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Mould die machining

To machine mould tool dies accurately and efficiently it is essential that the programmer is familiar with toolmaking concepts. It is not enough just to know how to cut steel!

 Mould core plate

Here are some areas that the programmer needs to have a good knowledge of:


  • Moulding area - The programmer needs to be aware of the areas of the die that will form the cavity for the material. Different strategies may be required if the cavity form is to be polished to reduce machining marks and save polishing time.  Also material may need to be left in the cavity area if the component finish is sparked.
  • Visible and non-visible parts of the moulding - It is useful if the programmer knows which areas of the mould will produce visible areas on the mould. Then the machining parameters can be adjusted to save machining time on non-visible areas and produce a finer finish on visible areas.
  • Shut-off faces - Extra care must be taken when machining shut-offs (especially drop shut-offs and slide entries) to select cutters and strategies that ensure correct sizes are maintained. Too much material removed here can be disastrous.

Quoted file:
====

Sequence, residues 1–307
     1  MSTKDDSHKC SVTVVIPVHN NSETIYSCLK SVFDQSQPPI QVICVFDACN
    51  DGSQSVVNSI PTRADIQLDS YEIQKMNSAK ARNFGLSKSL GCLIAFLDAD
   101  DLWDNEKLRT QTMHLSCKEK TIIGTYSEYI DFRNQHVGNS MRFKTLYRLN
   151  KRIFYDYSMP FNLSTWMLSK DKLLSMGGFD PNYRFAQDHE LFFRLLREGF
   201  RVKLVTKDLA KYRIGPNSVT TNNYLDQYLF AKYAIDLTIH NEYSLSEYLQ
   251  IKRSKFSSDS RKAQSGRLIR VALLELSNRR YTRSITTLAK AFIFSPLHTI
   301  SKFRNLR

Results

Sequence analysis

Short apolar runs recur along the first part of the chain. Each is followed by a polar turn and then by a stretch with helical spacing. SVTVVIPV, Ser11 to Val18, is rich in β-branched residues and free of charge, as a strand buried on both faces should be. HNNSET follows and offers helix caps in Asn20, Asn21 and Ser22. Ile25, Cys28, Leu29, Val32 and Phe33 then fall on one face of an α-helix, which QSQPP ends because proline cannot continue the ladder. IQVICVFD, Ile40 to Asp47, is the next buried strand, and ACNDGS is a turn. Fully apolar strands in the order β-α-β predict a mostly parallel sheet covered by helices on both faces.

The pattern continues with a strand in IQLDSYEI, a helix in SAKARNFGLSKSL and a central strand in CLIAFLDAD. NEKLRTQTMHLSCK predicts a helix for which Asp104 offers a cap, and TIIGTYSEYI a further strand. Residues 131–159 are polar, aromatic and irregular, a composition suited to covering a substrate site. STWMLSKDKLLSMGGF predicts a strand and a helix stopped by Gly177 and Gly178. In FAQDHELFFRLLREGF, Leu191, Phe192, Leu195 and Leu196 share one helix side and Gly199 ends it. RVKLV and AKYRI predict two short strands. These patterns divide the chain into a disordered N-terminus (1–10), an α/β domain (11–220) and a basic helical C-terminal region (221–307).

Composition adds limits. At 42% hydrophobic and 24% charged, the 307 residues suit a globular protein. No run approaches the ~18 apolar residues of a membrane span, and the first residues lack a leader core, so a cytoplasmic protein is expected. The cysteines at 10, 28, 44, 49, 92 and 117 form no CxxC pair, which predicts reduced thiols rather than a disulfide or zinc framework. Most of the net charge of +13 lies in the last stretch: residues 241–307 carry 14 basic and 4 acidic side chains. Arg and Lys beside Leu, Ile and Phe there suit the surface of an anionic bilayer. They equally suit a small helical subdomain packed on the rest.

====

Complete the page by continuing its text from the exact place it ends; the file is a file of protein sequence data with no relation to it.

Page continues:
• Split lines - Edges where the moulding form ends and the split face starts must be absolutely crisp and sharp if split lines and flash are to be kept to a minimum. It is essential not to allow cutters to roll over these edges, so special strategies must be employed to cut these areas.
  • Hardening - If the die is to be hardened after roughing, then the programmer needs to judge whether the die will distort in the hardening process and allow for this in the roughing parameters.

Anyone who creates programs for die machining at Alphatech has also worked in a toolmaking environment, this way we can ensure that all die programs take into consideration all of the necessary factors.

Before outputting the die data to our machining software we make sure that moulding area and shut-offs are colour coded to make it easier for the programmer to identify.


Hardened steel dies

Machining dies in their hardened state can save money by cutting down on grinding and sparking operations.
High speed milling machines are not essential for machining hardened steel. Almost any conventional CNC machine with the right tooling and programs can successfully machine hardened die plates.

Although the machining programs have to created very carefully, cost savings from the reduction of the quantity of electrodes needed can be great. Don't forget that for every electrode that is not needed you save four stages of work:
1.    Modelling.
2.    Programming.
3.    Machining
4.    Sparking.
If you are not yet finish machining your hardened die plates then it may be time to think again.

page | by Dr. Radut